My friends, when the storms of life come crashing into your soul, you don't have to face that storm alone. Seek Jesus. Ask Him to calm the storm that rages within you. If you ask in faith, He will answer your prayer and calm the storm.

( all Scripture reference are taken from the New American Standard version )

Monday, October 22, 2012

Drop goes the other shoe.

If you're Lance Armstrong, things just seem to be going from bad to worse. I know he said at a fundraiser this past Friday that "I have been better, but I have been worse." From experiencing cancer both in my wife Kris and in my brother-in-law Dale, who lost his brave battle last November, I definitely understand where Lance is coming from.

However, from a professional standpoint, it couldn't have gotten any worse than it did today. Already having been stripped of his seven Tour de France title by the US Anti-Doping Agency (USADA), today was the day that the International Cycling Union (UCI) was to issue their verdict on the case. Well, in a decision that almost everyone expected, the UCI sided with the report issued by USADA and stripped Lance Armstrong of his titles, basically vacating the race results for the years 1999 to 2005. In past cases, when the winner had is title stripped, the second placed rider has been elevated to the new winner. The last time was in 2010 when Alberto Contador was stripped of his title due to doping and Andy Schleck was declared the winner. As I write this, I haven't seen any explanation as to their decision in that regard. Perhaps as more information comes out in the days to come, their decision will become clear(er).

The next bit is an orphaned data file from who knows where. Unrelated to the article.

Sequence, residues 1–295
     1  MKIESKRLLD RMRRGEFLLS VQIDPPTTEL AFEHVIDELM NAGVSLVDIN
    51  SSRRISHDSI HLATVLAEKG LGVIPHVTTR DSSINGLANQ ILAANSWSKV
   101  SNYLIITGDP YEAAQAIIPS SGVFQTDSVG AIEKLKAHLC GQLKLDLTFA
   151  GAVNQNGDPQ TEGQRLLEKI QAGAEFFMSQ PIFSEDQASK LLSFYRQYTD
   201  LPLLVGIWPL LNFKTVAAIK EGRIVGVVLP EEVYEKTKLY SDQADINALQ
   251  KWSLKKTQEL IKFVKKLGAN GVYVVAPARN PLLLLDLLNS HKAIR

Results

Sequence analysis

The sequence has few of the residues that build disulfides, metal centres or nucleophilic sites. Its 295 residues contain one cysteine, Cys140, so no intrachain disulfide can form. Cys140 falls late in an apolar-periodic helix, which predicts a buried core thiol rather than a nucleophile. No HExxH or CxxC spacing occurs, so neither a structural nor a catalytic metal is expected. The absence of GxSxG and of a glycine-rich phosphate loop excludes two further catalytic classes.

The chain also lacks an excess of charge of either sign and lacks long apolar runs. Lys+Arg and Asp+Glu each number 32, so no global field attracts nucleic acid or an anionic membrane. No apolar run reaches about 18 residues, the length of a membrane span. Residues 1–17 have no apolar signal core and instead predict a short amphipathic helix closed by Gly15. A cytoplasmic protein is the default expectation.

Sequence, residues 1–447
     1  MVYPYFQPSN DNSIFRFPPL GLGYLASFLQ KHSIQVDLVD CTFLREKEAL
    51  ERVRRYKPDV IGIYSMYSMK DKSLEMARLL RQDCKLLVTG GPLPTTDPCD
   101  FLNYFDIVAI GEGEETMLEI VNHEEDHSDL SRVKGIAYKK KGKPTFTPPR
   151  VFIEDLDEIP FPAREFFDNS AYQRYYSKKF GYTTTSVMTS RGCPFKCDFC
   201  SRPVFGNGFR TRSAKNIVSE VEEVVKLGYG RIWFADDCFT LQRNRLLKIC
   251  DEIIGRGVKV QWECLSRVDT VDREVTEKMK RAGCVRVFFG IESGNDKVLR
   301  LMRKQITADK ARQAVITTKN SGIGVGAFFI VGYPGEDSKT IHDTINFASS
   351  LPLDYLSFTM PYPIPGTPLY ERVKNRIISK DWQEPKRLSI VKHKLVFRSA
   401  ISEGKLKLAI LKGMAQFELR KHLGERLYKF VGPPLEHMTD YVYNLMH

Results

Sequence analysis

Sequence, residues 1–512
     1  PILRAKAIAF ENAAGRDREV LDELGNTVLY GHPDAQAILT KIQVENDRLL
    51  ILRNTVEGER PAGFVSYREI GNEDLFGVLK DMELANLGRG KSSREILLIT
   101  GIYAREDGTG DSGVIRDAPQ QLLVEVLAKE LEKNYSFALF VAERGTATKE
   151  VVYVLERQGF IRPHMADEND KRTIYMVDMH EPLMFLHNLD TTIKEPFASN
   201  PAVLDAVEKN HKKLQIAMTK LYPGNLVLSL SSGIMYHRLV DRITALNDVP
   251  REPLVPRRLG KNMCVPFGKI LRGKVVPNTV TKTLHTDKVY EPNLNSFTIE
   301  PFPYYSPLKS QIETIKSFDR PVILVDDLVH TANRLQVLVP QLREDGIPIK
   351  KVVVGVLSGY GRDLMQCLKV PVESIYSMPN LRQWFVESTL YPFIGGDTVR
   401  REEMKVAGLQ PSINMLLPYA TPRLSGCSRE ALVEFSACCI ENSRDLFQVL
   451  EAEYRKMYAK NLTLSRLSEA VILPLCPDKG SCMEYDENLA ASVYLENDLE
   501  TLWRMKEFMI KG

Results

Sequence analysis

I'm going to honest here; when I wrote that it was a decision that almost everyone expected, I wasn't one of them. Yes, by now I had become convinced that Lance had probably doped, but I didn't think the UCI had the guts (for lack of a better word) to strip Lance of his titles and ban him for life. In my mind, Lance was their "cash cow" from 1999 to his second retirement. Cycling had (more so here in the USA; it's always been big in Europe) seen tremendous growth during his racing career. I thought that the UCI would ban him for anywhere from 2 to 10 years, fine him but leave his titles intact. Looks like I thought wrong. UCI president McQuaid was quoted as saying: "Armstrong has no place in cycling .... he deserves to be forgotten in cycling."

Ouch. Harsh, but I guess in light of the report handed down by USADA, I guess Mr. McQuaid felt justified. Will Lance be forgotten? No, of course not. The debate will rage for some time to come whether Lance actually used performance enhancing drugs, and help create a culture of doping in the teams he was a part of. Some people will say that all of the other riders in the pro peloton (or at least the names that count) were doping as well, so the playing field was level, thus Lance won his titles "fair and square."